The International School for Holocaust Studies
Gertruda’s Oath: A Child, A Promise,
and a Heroic Escape During World War II
Reviewed by Yael Weinstock
Translation by Barbara Harshav
In this work of nonfiction written in the style of a novel, Ram Oren weaves together two different stories of the Holocaust, and intertwines them brilliantly, leaving the reader pondering situations that he may have considered previously. Karl Rink, a German, marries Mira, a Jew. When Karl joins the SS he is happy to be earning an income and reassures his wife and daughter, Helga, that no harm will come to them and that the party’s anti-Jewish ideology has not penetrated his thoughts. While he was incorrect about the former, he held true to what he told his family and chose to help Jews throughout the war, both in Poland and Vilna, even as he was promoted within the ranks of the SS. As luck would have it, one of those Jews was the young Michael Stolowitzky.
Michael was the only child in a wealthy Jewish family in Warsaw. When war broke out, his father was away on business and his mother decided to try and flee the city. After a stream of unfortunate events, Michael was left alone with his loving and devoted Catholic nanny Gertruda Babilinska, who swore to his mother that she would treat him like a son for the rest of her life. They survived the war and eventually made their way to Israel, despite an array of challenges along the way. This touching story is a testament to the human spirit as well as to the righteousness of a select few, who risked their lives to save Jews during the Holocaust.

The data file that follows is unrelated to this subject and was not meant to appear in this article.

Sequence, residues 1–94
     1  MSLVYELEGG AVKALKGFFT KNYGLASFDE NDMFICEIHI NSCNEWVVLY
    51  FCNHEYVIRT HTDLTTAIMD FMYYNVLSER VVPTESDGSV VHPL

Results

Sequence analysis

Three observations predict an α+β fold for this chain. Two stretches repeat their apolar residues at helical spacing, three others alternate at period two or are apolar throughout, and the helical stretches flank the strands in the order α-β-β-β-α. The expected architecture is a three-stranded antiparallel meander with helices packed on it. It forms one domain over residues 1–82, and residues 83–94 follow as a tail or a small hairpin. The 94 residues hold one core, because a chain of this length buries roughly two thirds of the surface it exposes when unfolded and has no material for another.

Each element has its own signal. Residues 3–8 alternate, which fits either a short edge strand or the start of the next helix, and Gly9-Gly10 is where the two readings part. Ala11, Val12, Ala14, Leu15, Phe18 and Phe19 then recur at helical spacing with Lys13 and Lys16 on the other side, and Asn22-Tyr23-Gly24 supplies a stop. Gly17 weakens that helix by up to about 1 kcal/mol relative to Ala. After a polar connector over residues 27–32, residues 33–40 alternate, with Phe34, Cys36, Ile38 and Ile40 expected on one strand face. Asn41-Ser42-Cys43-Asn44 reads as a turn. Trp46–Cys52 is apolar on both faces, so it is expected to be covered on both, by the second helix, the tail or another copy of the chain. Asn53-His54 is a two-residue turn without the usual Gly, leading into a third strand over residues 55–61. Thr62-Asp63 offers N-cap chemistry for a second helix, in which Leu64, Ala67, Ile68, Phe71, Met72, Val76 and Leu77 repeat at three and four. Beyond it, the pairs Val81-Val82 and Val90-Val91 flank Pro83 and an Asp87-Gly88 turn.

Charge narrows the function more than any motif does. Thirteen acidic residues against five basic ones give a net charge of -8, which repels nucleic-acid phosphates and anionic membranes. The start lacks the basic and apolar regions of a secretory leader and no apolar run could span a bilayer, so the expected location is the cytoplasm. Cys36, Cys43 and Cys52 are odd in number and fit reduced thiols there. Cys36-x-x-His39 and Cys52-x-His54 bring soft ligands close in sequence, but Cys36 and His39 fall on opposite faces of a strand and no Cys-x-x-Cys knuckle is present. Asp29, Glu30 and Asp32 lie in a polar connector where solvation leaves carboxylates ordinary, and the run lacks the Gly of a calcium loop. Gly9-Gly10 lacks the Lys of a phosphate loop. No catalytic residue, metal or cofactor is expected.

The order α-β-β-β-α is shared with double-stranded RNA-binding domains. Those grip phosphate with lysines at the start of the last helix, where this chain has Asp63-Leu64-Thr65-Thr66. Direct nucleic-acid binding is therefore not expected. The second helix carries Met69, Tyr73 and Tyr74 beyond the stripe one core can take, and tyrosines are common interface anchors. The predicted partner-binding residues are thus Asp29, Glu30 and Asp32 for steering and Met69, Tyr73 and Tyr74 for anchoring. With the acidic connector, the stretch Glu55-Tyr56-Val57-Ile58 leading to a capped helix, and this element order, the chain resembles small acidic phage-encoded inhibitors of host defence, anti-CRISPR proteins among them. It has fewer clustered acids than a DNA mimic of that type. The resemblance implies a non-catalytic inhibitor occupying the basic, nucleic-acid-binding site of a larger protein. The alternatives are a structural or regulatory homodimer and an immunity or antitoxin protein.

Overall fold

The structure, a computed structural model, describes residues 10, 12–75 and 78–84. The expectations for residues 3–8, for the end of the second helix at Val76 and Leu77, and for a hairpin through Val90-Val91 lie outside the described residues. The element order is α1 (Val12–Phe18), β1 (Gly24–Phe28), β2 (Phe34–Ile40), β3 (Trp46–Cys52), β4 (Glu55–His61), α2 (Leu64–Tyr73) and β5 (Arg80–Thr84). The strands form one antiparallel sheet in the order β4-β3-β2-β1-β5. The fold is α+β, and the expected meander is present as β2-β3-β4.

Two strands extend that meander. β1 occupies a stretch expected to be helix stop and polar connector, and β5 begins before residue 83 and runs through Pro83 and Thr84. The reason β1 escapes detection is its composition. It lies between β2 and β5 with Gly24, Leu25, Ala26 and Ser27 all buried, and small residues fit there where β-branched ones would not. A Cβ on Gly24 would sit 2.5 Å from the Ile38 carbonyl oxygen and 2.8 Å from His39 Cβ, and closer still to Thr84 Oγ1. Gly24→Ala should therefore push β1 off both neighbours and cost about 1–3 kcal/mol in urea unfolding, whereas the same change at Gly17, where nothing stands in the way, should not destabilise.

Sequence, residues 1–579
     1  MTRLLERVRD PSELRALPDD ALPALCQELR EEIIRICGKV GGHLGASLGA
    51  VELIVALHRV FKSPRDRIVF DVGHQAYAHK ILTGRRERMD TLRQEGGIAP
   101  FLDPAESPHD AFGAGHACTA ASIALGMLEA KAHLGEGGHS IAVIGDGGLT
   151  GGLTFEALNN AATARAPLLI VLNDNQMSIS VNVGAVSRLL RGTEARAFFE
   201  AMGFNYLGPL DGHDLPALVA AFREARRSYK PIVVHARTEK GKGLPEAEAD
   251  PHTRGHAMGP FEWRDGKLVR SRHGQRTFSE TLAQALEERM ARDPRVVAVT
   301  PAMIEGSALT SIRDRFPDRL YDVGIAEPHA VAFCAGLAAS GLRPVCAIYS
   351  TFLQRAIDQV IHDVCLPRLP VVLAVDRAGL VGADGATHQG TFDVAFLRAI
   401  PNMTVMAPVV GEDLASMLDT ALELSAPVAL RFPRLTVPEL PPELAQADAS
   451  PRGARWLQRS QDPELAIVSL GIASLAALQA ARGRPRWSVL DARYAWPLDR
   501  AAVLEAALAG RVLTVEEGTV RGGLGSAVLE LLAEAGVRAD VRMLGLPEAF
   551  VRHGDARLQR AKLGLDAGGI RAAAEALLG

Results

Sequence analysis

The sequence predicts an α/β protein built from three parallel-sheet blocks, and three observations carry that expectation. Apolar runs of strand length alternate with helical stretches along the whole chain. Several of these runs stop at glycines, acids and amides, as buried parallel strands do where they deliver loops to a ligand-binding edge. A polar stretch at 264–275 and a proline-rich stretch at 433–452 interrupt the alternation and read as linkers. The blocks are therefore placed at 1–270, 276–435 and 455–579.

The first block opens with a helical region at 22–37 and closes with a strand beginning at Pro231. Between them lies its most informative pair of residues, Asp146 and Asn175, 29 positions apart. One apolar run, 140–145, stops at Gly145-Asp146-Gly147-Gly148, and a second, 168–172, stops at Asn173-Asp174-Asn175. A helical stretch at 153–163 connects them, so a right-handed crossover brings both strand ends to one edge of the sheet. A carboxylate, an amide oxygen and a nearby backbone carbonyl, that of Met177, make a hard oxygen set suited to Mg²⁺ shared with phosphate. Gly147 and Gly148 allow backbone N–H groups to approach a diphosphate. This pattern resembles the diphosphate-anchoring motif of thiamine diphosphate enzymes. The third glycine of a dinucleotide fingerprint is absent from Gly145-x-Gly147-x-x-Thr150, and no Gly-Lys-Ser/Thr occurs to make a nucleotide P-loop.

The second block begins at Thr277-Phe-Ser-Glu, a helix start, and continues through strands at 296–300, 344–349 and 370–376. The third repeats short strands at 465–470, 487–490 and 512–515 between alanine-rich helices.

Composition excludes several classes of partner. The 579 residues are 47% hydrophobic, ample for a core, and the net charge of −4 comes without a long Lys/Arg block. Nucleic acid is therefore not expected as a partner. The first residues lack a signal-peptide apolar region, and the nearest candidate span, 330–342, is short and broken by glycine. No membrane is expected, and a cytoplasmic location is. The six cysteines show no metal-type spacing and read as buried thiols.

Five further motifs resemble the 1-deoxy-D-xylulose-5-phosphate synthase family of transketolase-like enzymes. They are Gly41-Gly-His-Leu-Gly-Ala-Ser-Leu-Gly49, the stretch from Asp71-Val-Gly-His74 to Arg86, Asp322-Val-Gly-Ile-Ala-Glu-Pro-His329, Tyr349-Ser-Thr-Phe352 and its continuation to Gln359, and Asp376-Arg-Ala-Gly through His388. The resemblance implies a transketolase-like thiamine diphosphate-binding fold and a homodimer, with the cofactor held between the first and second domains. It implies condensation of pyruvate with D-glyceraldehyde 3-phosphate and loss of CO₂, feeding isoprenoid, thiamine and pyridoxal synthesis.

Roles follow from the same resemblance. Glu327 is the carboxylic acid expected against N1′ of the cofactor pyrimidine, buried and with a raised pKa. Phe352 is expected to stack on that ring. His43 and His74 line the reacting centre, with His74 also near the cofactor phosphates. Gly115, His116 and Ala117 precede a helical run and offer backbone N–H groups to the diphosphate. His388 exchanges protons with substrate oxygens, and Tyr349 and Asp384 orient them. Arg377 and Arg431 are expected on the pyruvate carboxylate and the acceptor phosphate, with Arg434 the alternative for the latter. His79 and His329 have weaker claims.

This book has difficult parts, but grips the reader immediately, and has you identifying with the characters on an emotional level. It could be used in a high school classroom and would bring up the issue of an SS man married to a Jew, a topic not often discussed.
For further information about the remarkable story of Gertruda Babilinska, please see this page about the Righteous Among the Nations.